Legislature(1995 - 1996)
04/26/1995 01:37 PM TRA
* first hearing in first committee of referral
= bill was previously heard/scheduled
= bill was previously heard/scheduled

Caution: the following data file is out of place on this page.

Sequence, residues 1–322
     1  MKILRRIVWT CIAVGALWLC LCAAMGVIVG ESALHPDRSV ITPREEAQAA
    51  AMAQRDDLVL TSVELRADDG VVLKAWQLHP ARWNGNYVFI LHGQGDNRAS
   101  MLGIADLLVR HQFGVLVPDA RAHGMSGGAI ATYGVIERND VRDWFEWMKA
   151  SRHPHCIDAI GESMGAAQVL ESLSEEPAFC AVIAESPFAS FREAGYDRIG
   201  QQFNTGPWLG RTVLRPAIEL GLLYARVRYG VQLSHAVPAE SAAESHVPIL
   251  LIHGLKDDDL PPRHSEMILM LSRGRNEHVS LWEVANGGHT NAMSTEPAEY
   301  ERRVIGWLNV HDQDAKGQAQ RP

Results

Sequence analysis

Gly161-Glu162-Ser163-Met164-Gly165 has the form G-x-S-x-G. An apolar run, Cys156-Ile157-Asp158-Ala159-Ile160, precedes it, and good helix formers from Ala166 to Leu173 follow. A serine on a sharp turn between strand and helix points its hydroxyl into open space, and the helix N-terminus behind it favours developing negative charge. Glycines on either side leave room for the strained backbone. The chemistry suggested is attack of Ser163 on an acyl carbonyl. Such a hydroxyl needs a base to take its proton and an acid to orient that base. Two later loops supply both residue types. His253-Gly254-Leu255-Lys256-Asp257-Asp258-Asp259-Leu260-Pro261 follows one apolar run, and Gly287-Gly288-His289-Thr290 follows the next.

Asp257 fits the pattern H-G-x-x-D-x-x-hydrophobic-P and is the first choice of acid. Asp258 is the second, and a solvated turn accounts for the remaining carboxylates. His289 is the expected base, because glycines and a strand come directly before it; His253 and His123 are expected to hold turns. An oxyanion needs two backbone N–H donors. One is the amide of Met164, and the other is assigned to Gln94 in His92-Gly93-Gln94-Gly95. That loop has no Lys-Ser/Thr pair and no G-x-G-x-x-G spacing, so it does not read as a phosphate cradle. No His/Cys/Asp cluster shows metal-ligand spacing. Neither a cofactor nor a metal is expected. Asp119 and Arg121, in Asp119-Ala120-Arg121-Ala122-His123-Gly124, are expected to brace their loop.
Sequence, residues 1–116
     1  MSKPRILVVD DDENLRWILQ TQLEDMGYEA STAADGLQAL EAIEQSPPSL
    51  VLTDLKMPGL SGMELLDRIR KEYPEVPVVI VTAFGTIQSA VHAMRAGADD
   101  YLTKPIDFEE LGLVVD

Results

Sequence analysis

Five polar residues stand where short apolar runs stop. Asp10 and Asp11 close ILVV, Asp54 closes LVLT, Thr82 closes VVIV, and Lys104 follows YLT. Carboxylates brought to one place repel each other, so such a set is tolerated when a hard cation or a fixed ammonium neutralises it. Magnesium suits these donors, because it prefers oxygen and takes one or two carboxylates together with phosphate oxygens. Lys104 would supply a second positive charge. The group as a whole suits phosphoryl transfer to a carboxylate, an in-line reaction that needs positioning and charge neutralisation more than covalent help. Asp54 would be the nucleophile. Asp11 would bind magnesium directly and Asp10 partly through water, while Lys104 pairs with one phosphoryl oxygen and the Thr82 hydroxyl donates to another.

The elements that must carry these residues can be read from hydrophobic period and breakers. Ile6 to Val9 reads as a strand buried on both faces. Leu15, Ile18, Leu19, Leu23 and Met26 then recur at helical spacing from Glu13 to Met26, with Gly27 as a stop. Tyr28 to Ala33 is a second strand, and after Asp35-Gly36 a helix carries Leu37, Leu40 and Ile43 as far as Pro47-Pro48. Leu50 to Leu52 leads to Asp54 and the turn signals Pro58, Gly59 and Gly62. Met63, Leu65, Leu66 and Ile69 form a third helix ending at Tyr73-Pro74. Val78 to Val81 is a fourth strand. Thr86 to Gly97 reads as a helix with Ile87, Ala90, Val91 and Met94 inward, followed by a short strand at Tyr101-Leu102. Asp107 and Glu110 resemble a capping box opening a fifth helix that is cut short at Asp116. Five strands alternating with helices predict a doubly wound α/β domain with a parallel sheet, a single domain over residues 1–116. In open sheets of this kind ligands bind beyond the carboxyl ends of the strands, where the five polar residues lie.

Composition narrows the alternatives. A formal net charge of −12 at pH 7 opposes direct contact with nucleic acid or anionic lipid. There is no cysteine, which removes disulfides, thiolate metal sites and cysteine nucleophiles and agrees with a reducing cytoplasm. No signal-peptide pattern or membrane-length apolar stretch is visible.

HB 218 - PROMPT PAYMENT OF TRUCKING SUBCONTRACTORS Number 028 CHAIRMAN DAVIS asked Representative James to give her testimony on CSHB 218. REPRESENTATIVE JEANNETTE JAMES, Sponsor of Committee Substitute for HB 218 agreed with Chairman Davis on the fact CSHB 218 cannot be completed this session and the Transportation Committee is the place where it should reside during the interim. She stated this bill was filed upon the request of the Alaska Independent Truckers Association to provide for their prompt payment. She explained recent experiences with brokers as subcontractors has caused great distress due to an inability of the truckers to receive prompt payment. Representative James said this is not only an economic issue, but a safety issue as well. To solve the problems experienced, several things must take place. The truckers must organize their own contract and billing system, which they are doing to support their claim for statute change. Subcontractors currently have statute support for prompt pay. She indicated that the employees are covered by labor laws but this statute support does not include the owner-operators of trucks. REPRESENTATIVE JAMES indicated that the independent truck owners who hire out themselves and their trucks for construction and other short term jobs, need to be able to depend on prompt payment for their services in order to maintain their trucks and to guarantee safe operations on the highways and roads. This legislation is specific to trucking, owner-operator as defined in Section 2, (d), (6) of the bill and does not extend to any other segment of small businesses. The truckers are instituting a system of semi-monthly billings. This legislation would make those billings payable within 14 days which is a reasonable length of time. Representative James asked to quote former Representative Ron Larson, who said "some of my friends tell me this and some of my friends tell me that, then I agree with all my friends." She explained this has been one of those bills that has been somewhat of a separation between some of her friends, because she generally supports trucking as not only a way of life, but as an important part of our economic activity. She said her husband had done a lot of trucking before they came to Alaska. He now drives a school bus. He has a brother that has been in the trucking business most of his life. She stated her point was that she has been exposed to the trucking industry for many years. She said the problem with independent truckers regarding these issues is not an independent truckers problem as much as a problem with the category called brokers. Representative James indicated she was not saying we should not have brokers, but there should be responsible brokers. She explained they fill a need in the construction industry when there are extra trucks needed. A broker shows up and hires the individual trucker to perform an overall trucking responsibility. The subcontractors, in statute, are given a prompt pay and are supposed to be paid in seven days after the prime contractor receives payment. The laborers working on a certified payroll, such as state jobs, must be paid and there are certain guarantees to this. She indicated there was nothing in statute to owner- operators of trucks. They cannot be treated as labor because they are not labor; they have their own truck and cannot be subcontractors because they are not part of the bidding process. By putting some provisions in statute for the owner-operators of trucks, it gives them some clout. She commented that payment to these truckers such as long haul truckers is generally twice a month. She added the truckers she has talked with would be happy to be paid once a month, but 120 days is too long of a time period to go without payment. There is a division between the long haul truckers and the Alaska Independent truckers. She said she felt bad about this and felt there should be no distinction. She supported the idea of working on this issue during the interim and would be happy to listen to any other solutions. She said the bottom line is that we cannot have people driving on the highways and roads, hauling material such as gravel and not being able to get paid. They need to be paid so they are able to keep up the maintenance required on their trucks. She added the truckers who are in the larger businesses might feel if the smaller truckers don't have enough money to be in business, they should not be in business. She said "these truckers got to where they are because there aren't jobs." The reason they have this is because there was not enough labor to be performed by truckers, so they are trying to create their own jobs. She said providing HB 218 for the public and legislative process is an excellent way to bring the problem to the forefront. She said she would be happy to answer any questions. CHAIRMAN DAVIS announced there were a number of people on teleconference and asked for testimony from Robert Eakman from Anchorage. ROBERT EAKMAN asked if Mr. Richard Strahl could testify first. CHAIRMAN DAVIS said, yes. RICHARD STRAHL, President, Alaska Independent Truckers Association stated he has been a trucker in Alaska for 34 years. He supported HB 218. He indicated at the present time they are not in the contract and need this bill and need to be recognized. He made reference to the fact if they work for a broker, they only work directly for a general contractor they need to be recognized as a entity in the contract which would give them a right to ask a broker (indisc.), to ask the general contractor, the Department of Transportation & Public Facilities (DOT/PF) and an engineer out on the site and have to ask where their money is. He was pleased with the billing part and stated it was good for everyone to have their own billing (indisc.). This entitles us to attempt to go through the system to get our money when working for a general contractor or through a broker for a 30-day period and have not received payment. He expressed concern for expedient ways of collecting their money and the fact that the general contractor or the broker will not be around at the time the job is over or if there is the situation where the general contractor is losing money, or the broker is taking that money and using it in other areas for other trucking activities. At the present time, they don't have the opportunity to go to the broker, to the general, or the DOT/PF and find out where the money is passed through, or if it is passed through. The general (indisc.) is to stay out there in your truck for 60-90 days. He remarked it is a scary situation when your truck (indisc.) and someone goes out of business or leaves town and you are left without payment. He made reference to the comment made earlier regarding smaller businesses being able to financially handle themselves. He stated as an individual and a one truck owner-operator or for an owner-operator with a couple of trucks, most everyone's credit is set up on a 30-day situation; that is for fuel, tools and maintenance repairs. He said they need this money in order to pay these people promptly. He said people are very quick at cutting off credit with individual truckers compared to a large general contractor or company. On the job if a person is burning $80 to $90 worth of fuel a day, that means their running a lot, there is a lot of wear on tires, and there are other expenses. He emphasized the need for getting the money where the truckers can pay and keep their credit in force. Currently, there are a lot of general contractors that will pay promptly and have been doing so for years but do not always get the contracts. Through the bidding system they may not get any work this year. If they do, there are only so many people that can work for them. He said so you end up with some of the other contractors who seem reliable enough and pay their bills and gave the contract to a broker because they had hoped to (indisc.) their own costs. He said they can do their job and promise to pay his own truckers and carry out his part of the contract. Where the system falls down is not following through to the independent broker and in many instances (indisc.) without his money for long periods of time. He felt HB 218 would help to close that gap and give people a normal period of time to pay their bills. Number 239 CHAIRMAN DAVIS asked Mr. Strahl to explain the involvement of the broker. He asked for confirmation that a general contractor gets a job and has the independent trucking agency submit estimates and quotes to work that particular job. MR. STRAHL explained from his experience, usually the general contractor is required to bid on a highway job, an inspector will be required to come on site, there will be a certain amount of yardage to be moved, so much asphalt they want and the brokers will give the general contractors bids on doing this work, either by an hour or by a tonnage rate. If this works for the general contractor and he's successful in getting the job and he hires that broker, they already have a set price. At that time, the general contractor knows what price he can do the trucking for because he has a price on it. If it is a reliable broker, he will be able to supply the amount and types of trucks needed to do his job. Some of the advantages, from the general contractors standpoint, as far as getting the right trucks and the amount of trucks, when they are needed, are that you know the price going into the job and that it won't change. Number 277 CHAIRMAN DAVIS asked for confirmation that of all the trucking operations on that job that the broker has submitted, does the general contractor pay the broker? MR. STRAHL said yes (indisc.) contractor with the general contractor the broker (indisc.) the type of materials, if the contract calls for D-1 gravel and the asphalt and the borrow A and borrow B. It would be stated in the contract. Also, the broker is a subcontractor at that time. CHAIRMAN DAVIS asked how the independent truckers are licensed? MR. STRAHL said an independent trucker at that time (indisc.) signed the contract with the general contractor with 10 different trucks, the broker will call 10 of his people and say 10 of his independent owner-operators have turned in paperwork to him, he will call them and ask them to work on a job. He will dispatch them according to the general contractors needs at that time. CHAIRMAN DAVIS asked again what kind of license was needed by an independent trucker. He made reference to it being a business license, but under what SIC code. The trucker is not considered a subcontractor from his understanding. BOB EAKMAN, General Manager, Alaska Independent Truckers Association of Anchorage, interjected and said no he is not a subcontractor. There are two separate codes that use (indisc.) license and one other. He stated he did not have the codes in front of him. CHAIRMAN DAVIS asked Mr. Eakman for his testimony Number 292 BOB EAKMAN, General Manager, Alaska Independent Truckers Association of Anchorage, stated the two most important issues this bill addresses is the recognition and safety which were detailed out in a letter dated April 20, 1995, to Chairman Davis. If the truckers are not paid in a reliable and timely manner, they do not have the necessary means of maintaining their trucks, except to dig into their savings if they have any, or talking someone into giving them credit for 90 to 120 days. He reiterated his comments on safety being one of the biggest factors. The other part of this bill is it provides the truckers with a law to go in other directions, where they do not have that now. Currently, the majority of the work is done on a verbal contract basis. He said it was not uncommon to receive late night phone calls or calls while they are in their trucks. He then stated it is not practical for the trucker to sign a contract every time he has to haul a load. Half the time the state does not know what the jobs are going to be until their let. He said there was no real way for a contract to be signed between a broker and an independent owner-operator for every job for the entire year. He said it was just not practical. He added the fact that the subcontractor or broker did not get his paperwork turned in on time, should not have any bearing on whether the trucker is paid or not. Number 340 FRANK DILLON, Executive Director of the Alaska Trucking Association, explained the association is opposed to HB 218. He stated they represent both long and short haul truckers. They represent all kinds of truckers from all areas of the state from Annette all the way to Barrow and from Dutch Harbor to Tok. They have members who operate one truck and members who operate more than 100 trucks. He stated they have discussed this issue and are in favor of having people pay promptly for their trucking services in a timely manner. MR. DILLON remarked what has brought this bill forward is, understandable frustration about the length of time that it takes to receive payment. He stated dump trucking in Alaska is not what it used to be; the world has changed and as with any evolution those that can adapt, survive and those that don't, go extinct. Not many construction truck owner-operators are able to survive any more just operating their truck during Alaska's short trucking season. Virtually every owner-operator must have other sources of income such as a working spouse, outside winter work, snow hauling for about half the rate in the winter through the municipalities or some other way to make a full-time living and to be able to provide for a modest family income. Because market forces of supply and demand would have underwritten and changed the way the market takes place, he did not see where any of the proposals that have been brought forward so far are going to change the situation as it exists. MR. DILLON continued to explain what is really hurting the independent truckers in this state are the independent truckers themselves. He said he would illustrate this point by using the analogy that the trucking industry is like bookends. On one end, you have people who do what he refers to as hobby trucking. These are truckers who are basically financially secure, in their late 40s or 50s, have decided they want to go into the trucking business because they have always wanted to give it a try for the sense of freedom or exhilaration of operating a truck. The hard work and just the idea of having to make a living at it are not necessarily considerations because as they have indicated to him they don't really need the income from the trucking business. He then made reference to the other bookend where there is a group of people who are usually younger, 23 to 26, and are not concerned about the big picture and the long term. They have older, used trucks and lend themselves out to work. If they are making what they consider a reasonable rate, this is fine. He said this appears to be more of a temporary employment scheme than a career. MR. DILLON continued that in between these two bookends there are a lot of people who are truly trying to make a living operating a construction truck in the state of Alaska. It is difficult because of an oversupply of trucks and because of the shrinking budget. He then stated the specifics of the bill. First, he understands the need to be paid before services rendered in a timely manner. This is not a problem that exists in only the owner-operator level of the trucking industry. It is unusual for any truck service provider to be paid in less than 45 days. The normal amount of time is about 45 to 50 days. There are existing contracts within this state with major oil companies that provide for trucking payments to be made within 90 days. These are on amounts of money in the millions of dollars and for trucking services provided in the millions of dollars worth of revenue a year. The idea of being promptly paid is not solely a problem for the owner-operator. If someone doesn't pay the trucker for the services, some of the remedies are they are re-billed, send a letter of reminder, turn the issue over to a collection agency or litigate the circumstances to try and recover the money. MR. DILLON said if HB 218 passes, those remedies would still exist for a owner-operator trucker who has not been paid. Even though there is talk about force of law he said what escapes him is, in terms of statutory adjudication of litigation or action going out to collect the money, how HB 218 helps. It only applies on state funded jobs which may be the majority of the aggregate and dirt hauling in the state, but it is not all of it. There is a lot of private sector jobs that this would not address. HB 218 also excludes people who have the Interstate Commerce Commission (ICC) authority from the ability to take advantage, if there is an advantage in this bill. He asked to make a correction on the issue of what has been said regarding ICC carriers already having a prompt pay bill that requires them to be paid in a specific amount of time. He said this statement is not true. The ICC requires that the trucking company that provides the service send the bill to the shipper within seven days of providing that service. It is an obligation that is placed on the trucker to bill. No where is it stated that the shipper has to pay that bill in any specific amount of time. That is a misconception that is widely held with people who have not worked for the ICC. He stated HB 218 uses the language regarding oral contract sales. He stated as far as he was concerned this may be legal, but it is impossible to prove without going to court. He said when it is your word against someone else's, it is rarely arbitrated. He said it has been suggested from the Alaska Trucking Association (ATA) for years that there be hauling agreements to be signed at the time the person goes to work, even if it is just something that has to be carried by the driver of the truck. He indicated this would mean people would have to change their business to a certain degree but it would be a positive change. He reiterated his opposition to CSHB 218 because it does not provide any revenue. He said what they would like to do is get together with all involved players in the interim and figure out if there is a way to improve the situation for the owner-operator independent truckers. Mr. Dillon said he was available for questions. Number 433 REPRESENTATIVE JEANNETTE JAMES said she appreciated Mr. Dillon's offer to work on this through the interim session. KAREN CHASSE stated she supported CSHB 218. Her husband has been a trucker in Alaska for over 23 years and owns and operates a trucking business. She said they have always run their trucks as a business. She stated trucking is their livelihood and is their only source of income, supporting them and their two children. They pay taxes and carry a million dollar insurance policy. They have their own invoices with daily contract terms written on them which are signed everyday by the job foreman. She explained if they have 10 jobs a day, then they would write up 10 separate tickets for each job they are dispatched to. She bills everyone and hand carries the statement along with the ticketed invoices to the contractor's office on the first day of every month. She noted even after doing all this, they do not get paid any faster than the truckers that do not bill. Charging by contract does not work with these contractors and brokers. They still pay when they feel like it and not a moment sooner. MS. CHASSE said they were not present today to ask for any special favors or request any state money or grants. Their only request is that they are paid in a timely manner by the contractors and the truck brokers. She added she did not understand how anyone can be in opposition to this bill. If they are, is it because the contractors don't have any intentions of paying their bills. Or do they need to use the truckers' money to run their own business? She questioned if this is because they have bid too low on one job and have to use other funds until they can bid on another one. She said if anyone opposes this bill, what exactly are they opposing. They seem to be opposing the fact they will be getting paid. Truckers work for different contractors and brokers all the time; sometimes changing job sites two or three times a day. They simply go where they are needed when a contractor or broker calls for more trucks. The contractors have been taking advantage of the owner-operator for years; they have been controlled for so long that most of the truckers are afraid to ask for their money for fear of being blackballed. The truck brokers are too scared to ask for the money for the same reasons. If the broker puts pressure on the prime to get paid, then the prime will just call a different broker. She said she knows how it feels to be blackballed because it happened to her simply because she asked for her money. She said she waited four months to get paid, she called the (indisc.) and went over the broker's head. She was then called into the office the next day and was blackballed by that contractor and was never allowed to work on that job again simply because she asked for her money. She said the system works on fear and intimidation. MS. CHASSE said some of us are tired of living this way. She said she needs a steady cash flow to run their trucks and pay commission, as well as money to pay their insurance, fuel and other personal bills. She said she needs a regular income to care for their children. She indicated three people have died in the last two years due to unsafe equipment. Someone was killed by a truck that had no brakes. A fellow trucker was killed because his truck was literally held together with chains. When the chain broke, his load shifted and came through the back of the cab. She said she can only guess that these truckers just did not have the money to fix their own trucks. MS. CHASSE said it took a lot of courage to testify on this particular issue. Some other people said they would have liked to testify on this issue but they have been threatened by some of the brokers. One guy told her that his broker said even if this bill passes, they still won't pay him any faster and if he doesn't like it, then that's too bad. It is a pretty bad situation when so many owner-operators are scared of being blackballed that they will run unsafe equipment on the road and apply for welfare before running the risk of speaking out on this issue. She asked for the committee's help. All other subcontractors that work for the prime are covered in certain spec books that clearly outlines all aspects of the particular jobs. It also specifies when a prime must pay each one of these people. Independent truckers and owner-operators have never been recognized in the spec books and the only way this loophole can be stopped, is by passage of this bill. She then asked for questions. Number 490 CHAIRMAN DAVIS stated he wanted to take testimony from Soldotna next. CATHERINE THOMAS of Kenai expressed concerns for the fact that a lot of the expense is coming down to the public in the end (indisc.) increase the cost of every project. She said she did not understand why this was such a problem. Her business history is as a long haul trucking company, (indisc.) owner-operator, truck broker and construction company that hires independent operators and truck brokers. She explained state or federal contracts have always been tied to the contract that she has with the government. Those are issued down to the subcontractor. Normal procedures nowadays with that particular contract with the subcontractor is tied back to the state pay schedule and the government contract or prime contract. Once payment is received they are required to pay within five to seven days. If the owner-operator independent truckers negotiate with their brokers to have the same guidelines or same type of subcontract privileges, this scenario is eliminated. They have every right under the Public Information Act or Freedom of Information Act to request to see a copy of the contract indicating when the pay schedule has been issued. She stated normally the subcontractor and the contractor require release of liens for moneys received. This is normally done pay schedule by pay schedule. The only thing that she sees happening with CSHB 218 if it passes is it removes more responsibility from an independent operator to ensure that his contractor is providing him with the same contract requirements that the prime has. If the prime contractor or the broker for the independent trucker borrows money from the bank to pay the independent trucker, that cost of money will be passed on back to the state government and will increase the price of these projects. Most of their contracts are paid within 30 days. She asked if there were any questions. Number 532 REPRESENTATIVE JAMES asked if Ms. Thomas worked mostly as a prime contractor or a subcontractor? MS. THOMAS stated she worked as both. REPRESENTATIVE JAMES asked for confirmation that she hires independent owner-operators, and acts as a broker. In other words, if there is a need for more owner-operators she would call them in for that particular job. MS. THOMAS reiterated her comments in working both areas because of her status as a women in the business, sometimes she has taken the trucking portion of the contract. She said she would consider herself a truck broker. REPRESENTATIVE JAMES asked what type of arrangement does she have with the operator-truckers for payment. MS. THOMAS explained that she requires a copy of the prime contract that her prime contractor has with the state. She ties her terms of condition to that contract, if they process her pay estimate and have a check in her hand within five to seven days after they have received their money. She also can request in that contract that they notify her when they have received that check. Her subcontract to her owner-operators -- and she issues them subcontracts and it's tied right back to that and they have a right to look at any of those contract documents as far as she was concerned. REPRESENTATIVE JAMES stated Ms. Thomas made mention of having to do a lien release when, for example, the prime contractor is paying the subcontractor. Representative James asked if it stated anywhere that the subcontractor has paid their bills. MS. THOMAS said under the certified payroll Davis Bacon Act, the forms that go in on every public project such as the Title 36 project, they are required to furnish the state Department of Labor with a list of anyone that they would have a contract with on that particular project. REPRESENTATIVE JAMES asked if Ms. Thomas includes owner-operators of trucks on that certified payroll. MS. THOMAS said yes, she does. Her prime contractor requires a lien release from each of her independent truckers saying they have been paid for a portion of the project and a copy of the Title 36 certified payroll form, that she is required to provide the state with. Number 566 CHAIRMAN DAVIS said he would now take testimony from Anchorage again. BILL EVANS, Eagle Equipment in Wasilla, stated he has been trucking in Alaska for years. He said it was not just a money issue anymore, but a safety issue as well. He said there have been people that have been killed. He commented that the sad part is who is going to be next. He asked if it would be a load of school bus kids or someone's family member. He said they can't get their money and can't fix their equipment. He stated they have tried to go up the ladder and ask the people they work for where their money is. But they won't even talk with them, because they didn't hire them. He commented that a few weeks ago he just got his money from a person he worked for last July. He said when he has to pay his insurance every month, his fuel bill, his tires every month, and everything else, it is on a 30-day payment schedule and he can't survive on those kinds of conditions. He said something has to be done for the independent operator to get their money so the trucks can be properly maintained. He said it boils down to a life or death situation regardless of the chain of command and they are not getting their money. It is a real safety issue. He noted he has equipment that he is unable to put on the highway because he has not been able to get his money to maintain his truck. He added anyone who opposes this bill does not understand the safety issues involved. Number 596 CHAIRMAN DAVIS asked Mr. Evans if the payment he received was from a contractor or a broker? MR. EVANS said it was from a broker. CHAIRMAN DAVIS took testimony from Ms. Chasse again from Anchorage. MS. CHASSE said she was speaking with Mike Miller before he left and he's a general contractor and he told her the way it works is they bill on the first and the fifteenth of the month. It takes them approximately 6 to 20 days tops to get paid. It then takes seven days before they can issue a check to the broker. The maximum time to receive a check is 27 days. She said she did not understand why they were not getting paid if this is the normal procedure. REPRESENTATIVE JAMES asked if Ms. Thomas was still on line in Soldotna. She stated that Ms. Thomas indicated in her testimony that people who work for a subcontractor or a prime contractor have the privilege of seeing the contract that they are working under. She asked if these independent operator trucks, such as Mr. Evans, would be able to get a copy of the contract of the person he is working for? MS. THOMAS stated the prime contract with the city, state or the federal government will dictate whether it is a 2 week billing or a 30-day billing. When the trucker signs a contract with the truck broker or the prime contractor, that can be a term he negotiates for. The state or the municipality issuing the prime contract is required to provide a copy of the contract. In between the subcontract there may be a term of negotiation, she corrected herself and said the ability to see it may be a term of negotiation, but many prime contracts will require that all the subcontracts become part of the privileged information that the municipality can provide. Number 620 CHAIRMAN DAVIS said he would hold HB 218 through the interim in order to work on several aspects of the bill with the involved parties such as Richard Strahl, Robert Eakman, Frank Dillon and Ms. Thomas. He said he didn't think that people would not be sympathetic to the fact that someone is not receiving payment in a timely manner. He felt everyone agrees that independent truckers or anyone, for that matter, needs as well as should, receive payment in a timely manner. He asked for people in attendance to consider an option or way of getting independent truckers designated or licensed as subcontractors so they would fall under existing statute which might be a possibility with some additional language included in the bill. He also referred to Ms. Chasse's comment of why would anyone not favor this bill. He explained incorporating something into law, specifically to a small group is a pretty big step. If there is opportunity for alternative methods to get a problem taken care of, he would like to approach it from that angle through the interim. TAPE 95-17, SIDE B Number 000 REPRESENTATIVE JAMES said she had been talking with Mr. Dillon on various solutions of truck safety. She felt if we are going to be working on how these people get paid, then we also should address some kind of provision for safe trucks on the roads. She said we are saying now that the safe trucks that are not there because the owner-operators are not getting paid and she wanted to know that they are going to be there even when they do get paid. She agreed with it being a safety issue. She said we could let these people economically go and find another job, if our concerns, as a state, were just to be sure they received payment, but the issue of safety must be addressed as well. CHAIRMAN DAVIS stated HB 218 will be held for the interim.